As H. G. Kennedy, superintendent of fire telegraph of Rochester, found it impossible to prepare his paper on “Mercury Arc and Other Rectifiers” in time for presentation at the convention it was announced that his paper would be given later to the secretary for publication in the annual minutes. A discussion of this subject by Walter M. Petty, borough electrician of Rutherford, N. J., was read by the secretary. The paper which Mr. Petty had prepared on the subject of “Lightning Protection” was then read by A. L. Pierce, of Wallingford, Conn. The paper evoked an interesting discussion, the question of grounding fire alarm or police boxes being the point upon which particular emphasis was placed. In order that the association might go on record on this subject in some way C. E. Diehl introduced the following resolution:

“Resolved that it is the sense of this association that in all fire and police boxes the shell should be grounded and the inside box and mechanism safely insulated from the circuit; and that the shell of telephone receivers oil all police patrol telephones should cover the terminal connections to the receiver and the hook should be properly insulated.”

This resolution was referred to a committee of five to investigate the subject during the coining year and report at the next annual meeting.

The election of officers resulted as follows: President, H. C. Bundy of Watertown, N. Y.; first vice president, J. S. Craig of Toronto, Can.; secretary, C. R. George of Houston, Tex.; treasurer, C. E. Diehl of Harrisburg, Pa.

Among the exhibitors was the Gatncwell Fire Alarm Telegraph Company of this city. A very handsome souvenir of the convention m the shape of a match holder representing a fire alarm telegraph box mounted on an ash receiver of wrought metal was distributed by the Gomewell representatives, St. Paul, Minn., was selected as the place for the next convention.

Syracuse Water Supply.

Syracuse, N. Y., need not go dry for many future years, provided its residents confine themselves to water, of which there is an inexhaustible supply in sight for a generation to come. Skaneateles lake water, unsurpassed in purity in any city in the country, and so inexpensive that its consumption in generous quantities is no burden to the poorest householder, is one of Syracuse’s greatest assets. For $5 an ordinary family is assured of enough water for drinking and domestic purposes for a year, 3,600 cubic feet, of a quality that safeguards consumers against deadly disease germs which contaminate so many sources of water supply, and of sufficient volume and pressure, now that the second conduit line has been completed, to provide an unfailing supply, even on the elevated sections with the highest altitude.

The Syracuse water system not only successfully embodies the idea of municipal ownership, but it stands as a monument to the city’s growth and development. Under private ownership water was only served to residences in a comparatively small territory; now 104 miles of pipes carry water into the homes of thousands of families within a radius of two and one-half miles of the city hall.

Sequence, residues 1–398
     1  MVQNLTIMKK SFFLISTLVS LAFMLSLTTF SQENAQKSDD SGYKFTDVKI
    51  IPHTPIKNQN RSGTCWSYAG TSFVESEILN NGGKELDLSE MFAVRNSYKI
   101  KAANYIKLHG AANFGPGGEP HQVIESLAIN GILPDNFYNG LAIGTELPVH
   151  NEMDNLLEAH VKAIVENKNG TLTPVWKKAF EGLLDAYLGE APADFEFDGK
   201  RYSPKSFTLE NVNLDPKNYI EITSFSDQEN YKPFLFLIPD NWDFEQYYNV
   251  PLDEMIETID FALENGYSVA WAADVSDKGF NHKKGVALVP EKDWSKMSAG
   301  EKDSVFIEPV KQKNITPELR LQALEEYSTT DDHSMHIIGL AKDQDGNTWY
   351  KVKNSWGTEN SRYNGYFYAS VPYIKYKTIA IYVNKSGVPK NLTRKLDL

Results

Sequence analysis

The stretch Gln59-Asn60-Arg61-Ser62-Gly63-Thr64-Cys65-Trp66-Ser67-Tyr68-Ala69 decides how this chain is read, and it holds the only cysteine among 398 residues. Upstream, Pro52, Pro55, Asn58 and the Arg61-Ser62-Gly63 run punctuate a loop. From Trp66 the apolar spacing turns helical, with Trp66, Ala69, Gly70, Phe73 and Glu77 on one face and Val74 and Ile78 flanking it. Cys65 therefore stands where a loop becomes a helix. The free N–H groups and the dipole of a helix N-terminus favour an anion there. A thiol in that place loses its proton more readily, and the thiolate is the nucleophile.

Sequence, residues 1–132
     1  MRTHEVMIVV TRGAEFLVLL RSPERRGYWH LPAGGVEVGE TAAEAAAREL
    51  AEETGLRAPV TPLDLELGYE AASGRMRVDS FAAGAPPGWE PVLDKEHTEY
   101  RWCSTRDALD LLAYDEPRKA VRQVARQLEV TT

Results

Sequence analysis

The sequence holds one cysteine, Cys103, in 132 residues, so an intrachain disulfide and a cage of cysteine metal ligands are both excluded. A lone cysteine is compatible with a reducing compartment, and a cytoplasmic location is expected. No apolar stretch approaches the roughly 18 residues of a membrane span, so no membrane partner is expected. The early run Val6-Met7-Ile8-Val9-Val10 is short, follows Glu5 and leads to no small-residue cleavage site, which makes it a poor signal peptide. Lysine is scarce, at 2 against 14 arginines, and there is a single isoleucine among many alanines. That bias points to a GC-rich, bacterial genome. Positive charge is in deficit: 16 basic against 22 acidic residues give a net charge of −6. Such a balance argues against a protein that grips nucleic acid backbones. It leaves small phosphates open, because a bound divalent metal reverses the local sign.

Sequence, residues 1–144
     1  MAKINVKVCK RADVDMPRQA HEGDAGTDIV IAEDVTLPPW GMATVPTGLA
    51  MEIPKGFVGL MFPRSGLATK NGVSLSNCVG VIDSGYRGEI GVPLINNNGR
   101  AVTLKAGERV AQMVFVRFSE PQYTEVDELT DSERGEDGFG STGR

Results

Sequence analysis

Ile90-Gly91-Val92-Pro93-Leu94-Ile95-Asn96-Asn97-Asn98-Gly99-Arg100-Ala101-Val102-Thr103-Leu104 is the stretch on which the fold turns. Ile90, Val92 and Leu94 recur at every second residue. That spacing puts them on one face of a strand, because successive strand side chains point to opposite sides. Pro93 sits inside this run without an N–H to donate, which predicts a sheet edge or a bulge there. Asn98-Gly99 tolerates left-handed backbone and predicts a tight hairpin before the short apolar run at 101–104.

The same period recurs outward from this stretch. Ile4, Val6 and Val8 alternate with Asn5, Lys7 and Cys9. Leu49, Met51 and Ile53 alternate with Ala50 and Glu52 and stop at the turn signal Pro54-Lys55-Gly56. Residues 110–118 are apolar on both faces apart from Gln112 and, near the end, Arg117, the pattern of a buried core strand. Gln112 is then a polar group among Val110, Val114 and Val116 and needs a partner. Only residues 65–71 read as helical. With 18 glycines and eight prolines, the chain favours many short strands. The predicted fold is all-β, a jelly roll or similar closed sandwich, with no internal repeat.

The recently completed conduit line, especially designed for high-pressure service on the highlands in the eastern parts of the city, has practically doubled the supply, and the conservation of water made necessary by the limited amount in the reservoir during the summer months, when the consumption is greatest, will not be demanded in the future. Notwithstanding the fact that the water department supplies water in large quantities to the schoolhouses, to the fire and other departments of the city government, for which no charge is made, it is self-sustaining. On January 1 last there was a balance of $87,000 to the credit of the department, representing the accumulated surplus of recent years. In 1909 the total receipts were $336,000 and the disbursements $346,000, which included the retirement of $30,000 worth of bonds issued for developing purposes and $40,000 in interest charges. From this time on the expenses of the department will steadily decrease, with the annual retirement of $25,000 in bonds, with reduced interest charges, while the receipts will constantly increase as the city grows and consumes more water.

With two conduit lines bringing water from Skaneateles lake, and with the new standpipe for the high-pressure service on the highlands in the eastern part of the city, Superintendent George H. Beebe, of the bureau of water, believes that the department is in a position to take care of the growing needs of the city for twentylive years to come and for a population of over 200,000 souls. A conservative estimate of the amount of water annually consumed by Syracuse people for drinking and domestic purposes places it at 110 gallons for each man, woman and child in the city. The high elevation of Skaneateles lake above Syracuse, together with the new highpressure service recently established, are important factors in fire protection and make it possible to force water to the top of the lofty downtown buildings and residences on the summits of the highest hills.